Can it Ever be Ethical to Let Women Die?
A disturbing trend is emerging in the writings of those opposed to legal abortion. Since the passage of Victoria’s Law Reform Act last year, they have been campaigning against the limits the new law imposes on the rights of healthcare professionals to conscientiously object to involvement in abortion.
From Liberal Senator Julian McGauran’s most recent contribution in Quadrant, to previous pieces by Father Frank Brennan (chair of the National Human Rights Consultation), Martin Laverty (CEO of Catholic Health Australia) and Doctor’s in Conscience’s Eamonn Mathieson, opponents of legal abortion argue that rights of medical professionals and Catholic health institutions to refuse care to women seeking abortions is absolute. Even where such denial could see a woman die, they maintain that refusing to provide an abortion is the right, and their right, to do.
There is much that is offensive, even shocking, about the absolutist nature of such assertions. However important is religious freedom, it does not trump other rights. However important medical professionals are, their rights are no weightier than those held by others – certainly not their patients to whom they owe a duty of care. In fact, even if religious and conscience rights were trumping, there’s still arguments about whose religion or conscience – the doctor’s or the woman’s – should prevail when conflicts arise over abortion care.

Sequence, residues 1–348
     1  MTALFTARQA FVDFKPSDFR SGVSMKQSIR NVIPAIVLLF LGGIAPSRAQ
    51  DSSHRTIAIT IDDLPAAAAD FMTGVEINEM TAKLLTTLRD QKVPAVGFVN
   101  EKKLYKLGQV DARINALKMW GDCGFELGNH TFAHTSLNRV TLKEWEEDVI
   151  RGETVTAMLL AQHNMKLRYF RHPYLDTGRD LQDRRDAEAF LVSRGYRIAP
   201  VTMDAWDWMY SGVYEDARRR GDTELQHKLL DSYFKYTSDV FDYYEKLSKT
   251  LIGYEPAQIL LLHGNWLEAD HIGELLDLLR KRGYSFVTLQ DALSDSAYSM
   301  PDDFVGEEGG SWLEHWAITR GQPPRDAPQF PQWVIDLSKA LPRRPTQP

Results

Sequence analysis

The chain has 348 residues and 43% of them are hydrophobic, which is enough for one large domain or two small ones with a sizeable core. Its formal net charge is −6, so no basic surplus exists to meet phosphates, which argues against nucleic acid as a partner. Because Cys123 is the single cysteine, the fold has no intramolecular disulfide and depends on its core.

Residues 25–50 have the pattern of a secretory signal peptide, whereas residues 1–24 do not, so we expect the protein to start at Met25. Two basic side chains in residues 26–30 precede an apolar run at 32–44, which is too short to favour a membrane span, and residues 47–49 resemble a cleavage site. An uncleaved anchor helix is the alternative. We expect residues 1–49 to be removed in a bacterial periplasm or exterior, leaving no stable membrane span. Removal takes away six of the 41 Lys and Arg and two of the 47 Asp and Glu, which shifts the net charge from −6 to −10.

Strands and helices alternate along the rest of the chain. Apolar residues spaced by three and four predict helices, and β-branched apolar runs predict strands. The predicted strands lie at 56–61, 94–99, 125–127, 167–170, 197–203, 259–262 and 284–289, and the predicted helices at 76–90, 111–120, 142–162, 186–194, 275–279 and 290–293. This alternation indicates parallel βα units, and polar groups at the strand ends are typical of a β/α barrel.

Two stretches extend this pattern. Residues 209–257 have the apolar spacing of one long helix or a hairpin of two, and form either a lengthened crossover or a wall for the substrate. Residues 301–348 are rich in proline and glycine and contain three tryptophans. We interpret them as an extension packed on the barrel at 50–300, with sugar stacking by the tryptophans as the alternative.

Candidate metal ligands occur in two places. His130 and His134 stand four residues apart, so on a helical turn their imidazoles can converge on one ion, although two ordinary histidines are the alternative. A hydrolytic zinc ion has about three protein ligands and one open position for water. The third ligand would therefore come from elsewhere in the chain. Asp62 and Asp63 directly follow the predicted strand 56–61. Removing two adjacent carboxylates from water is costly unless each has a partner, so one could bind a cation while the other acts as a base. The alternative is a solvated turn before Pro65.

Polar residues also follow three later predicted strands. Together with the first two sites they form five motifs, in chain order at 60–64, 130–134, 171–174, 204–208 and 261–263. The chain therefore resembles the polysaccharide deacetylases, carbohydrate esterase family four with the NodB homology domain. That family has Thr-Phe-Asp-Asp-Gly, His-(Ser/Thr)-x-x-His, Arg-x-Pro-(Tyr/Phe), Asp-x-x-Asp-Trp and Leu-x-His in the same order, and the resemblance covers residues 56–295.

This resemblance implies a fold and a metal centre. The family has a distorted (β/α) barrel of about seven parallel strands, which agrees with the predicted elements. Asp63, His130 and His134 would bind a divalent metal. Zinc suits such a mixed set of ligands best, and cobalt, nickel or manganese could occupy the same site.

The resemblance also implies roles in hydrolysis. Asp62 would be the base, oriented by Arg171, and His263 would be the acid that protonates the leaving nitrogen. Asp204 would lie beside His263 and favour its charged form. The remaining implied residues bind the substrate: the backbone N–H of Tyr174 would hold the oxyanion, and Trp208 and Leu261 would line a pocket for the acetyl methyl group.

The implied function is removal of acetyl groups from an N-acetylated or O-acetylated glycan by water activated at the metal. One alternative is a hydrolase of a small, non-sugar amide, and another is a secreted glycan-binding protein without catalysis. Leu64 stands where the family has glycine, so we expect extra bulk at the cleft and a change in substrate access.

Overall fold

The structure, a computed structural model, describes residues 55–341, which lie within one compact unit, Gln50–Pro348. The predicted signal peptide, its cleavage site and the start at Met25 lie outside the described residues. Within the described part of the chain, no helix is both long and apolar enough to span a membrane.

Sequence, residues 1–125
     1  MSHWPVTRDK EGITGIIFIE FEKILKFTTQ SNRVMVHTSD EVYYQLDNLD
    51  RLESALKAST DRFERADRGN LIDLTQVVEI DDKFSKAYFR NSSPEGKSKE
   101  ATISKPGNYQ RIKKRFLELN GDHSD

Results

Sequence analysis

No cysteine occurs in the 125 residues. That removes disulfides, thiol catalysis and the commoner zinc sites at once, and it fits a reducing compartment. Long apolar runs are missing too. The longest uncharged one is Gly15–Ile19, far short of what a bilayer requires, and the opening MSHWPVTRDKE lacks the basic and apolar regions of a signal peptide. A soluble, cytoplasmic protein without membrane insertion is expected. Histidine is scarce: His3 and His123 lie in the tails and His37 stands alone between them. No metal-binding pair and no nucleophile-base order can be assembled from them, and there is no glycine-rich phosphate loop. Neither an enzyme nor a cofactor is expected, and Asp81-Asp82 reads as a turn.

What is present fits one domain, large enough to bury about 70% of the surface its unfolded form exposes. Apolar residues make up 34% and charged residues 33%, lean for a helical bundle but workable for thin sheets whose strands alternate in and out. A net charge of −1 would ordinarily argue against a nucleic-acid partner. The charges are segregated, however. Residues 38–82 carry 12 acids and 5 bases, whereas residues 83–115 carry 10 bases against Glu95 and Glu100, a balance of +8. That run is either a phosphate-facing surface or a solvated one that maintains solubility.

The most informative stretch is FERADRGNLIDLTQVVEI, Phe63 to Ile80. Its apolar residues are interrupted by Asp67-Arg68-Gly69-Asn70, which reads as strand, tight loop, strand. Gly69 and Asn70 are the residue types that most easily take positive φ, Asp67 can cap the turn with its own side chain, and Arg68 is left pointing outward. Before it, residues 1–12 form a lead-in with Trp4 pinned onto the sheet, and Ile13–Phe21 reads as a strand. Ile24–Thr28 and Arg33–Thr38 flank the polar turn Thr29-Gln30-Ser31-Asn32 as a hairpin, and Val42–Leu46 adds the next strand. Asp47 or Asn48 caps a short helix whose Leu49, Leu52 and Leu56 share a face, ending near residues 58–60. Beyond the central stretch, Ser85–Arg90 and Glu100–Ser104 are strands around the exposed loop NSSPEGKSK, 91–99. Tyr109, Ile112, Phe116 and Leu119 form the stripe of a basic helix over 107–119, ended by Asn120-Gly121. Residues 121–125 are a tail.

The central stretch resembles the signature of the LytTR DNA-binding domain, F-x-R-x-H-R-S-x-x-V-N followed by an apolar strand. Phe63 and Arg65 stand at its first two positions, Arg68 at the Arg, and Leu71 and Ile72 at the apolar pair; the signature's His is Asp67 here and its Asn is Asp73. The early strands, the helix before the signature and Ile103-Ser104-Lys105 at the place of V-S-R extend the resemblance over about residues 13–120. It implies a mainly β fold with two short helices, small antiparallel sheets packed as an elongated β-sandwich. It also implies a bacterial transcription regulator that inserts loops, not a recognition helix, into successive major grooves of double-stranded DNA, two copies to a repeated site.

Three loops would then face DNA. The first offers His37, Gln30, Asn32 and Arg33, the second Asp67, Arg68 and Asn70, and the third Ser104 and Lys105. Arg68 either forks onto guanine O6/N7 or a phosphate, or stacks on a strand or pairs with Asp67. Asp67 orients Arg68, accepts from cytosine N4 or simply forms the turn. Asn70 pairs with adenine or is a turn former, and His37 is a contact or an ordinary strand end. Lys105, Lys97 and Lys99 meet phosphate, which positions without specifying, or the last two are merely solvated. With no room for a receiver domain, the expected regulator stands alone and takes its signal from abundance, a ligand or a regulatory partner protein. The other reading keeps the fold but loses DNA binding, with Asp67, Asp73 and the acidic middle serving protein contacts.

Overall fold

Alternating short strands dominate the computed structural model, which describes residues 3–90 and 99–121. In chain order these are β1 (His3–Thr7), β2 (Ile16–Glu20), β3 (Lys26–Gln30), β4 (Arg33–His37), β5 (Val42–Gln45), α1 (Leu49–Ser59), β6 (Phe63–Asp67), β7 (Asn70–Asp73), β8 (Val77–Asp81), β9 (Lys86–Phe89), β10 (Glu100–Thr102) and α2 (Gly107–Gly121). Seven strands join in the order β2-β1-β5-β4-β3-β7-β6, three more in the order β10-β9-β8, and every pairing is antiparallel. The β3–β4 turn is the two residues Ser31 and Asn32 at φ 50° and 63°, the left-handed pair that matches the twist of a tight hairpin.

Where the rights of women seeking abortions are taken seriously (and these include their right to follow the dictates of their conscience, to informed decision making about their health, to timely medical care and to life), the absolutist approach seems inadequate at best. At worst, it seems to disregard the pregnant woman’s basic humanity.
Perhaps this fact is why most of those arguing for a change to Victoria’s conscience clause rarely mention women by name. They don’t directly say, “we don’t care if women die, doctors conscience rights are supreme”.
Rather they condemn the new law’s “coercion” of individual health workers and healthcare organisations to act contrary to their consciences by requiring “participation in abortion through … direct assistance.” They declaim with high dugeon the “extraordinary attempt by pro-abortion legislators” to threaten the livelihoods health practitioners who “are unwilling to … perform an abortion,” but never mention that the only compulsion to provide abortion in the Victorian legislation is in an emergency where it is necessary to preserve a woman’s life.
The conscience clause in Victoria’s new abortion law requires just two things from doctor’s wanting to be excused from what the Victorian Law Reform Commission described as the “general expectation that practitioners will provide medical services”.
The first is that they don’t exercise this freedom at the cost of a woman’s life. The second is that they ensure their refusal to provide timely medical care doesn’t translate into her inability to get timely medical care by providing an effective referral.
For those willing to mention women by name, this seems the least they can do. After all, women have rights, too.
Can it Ever be Ethical to Let Women Die?, Crikey
28 Oct 2009
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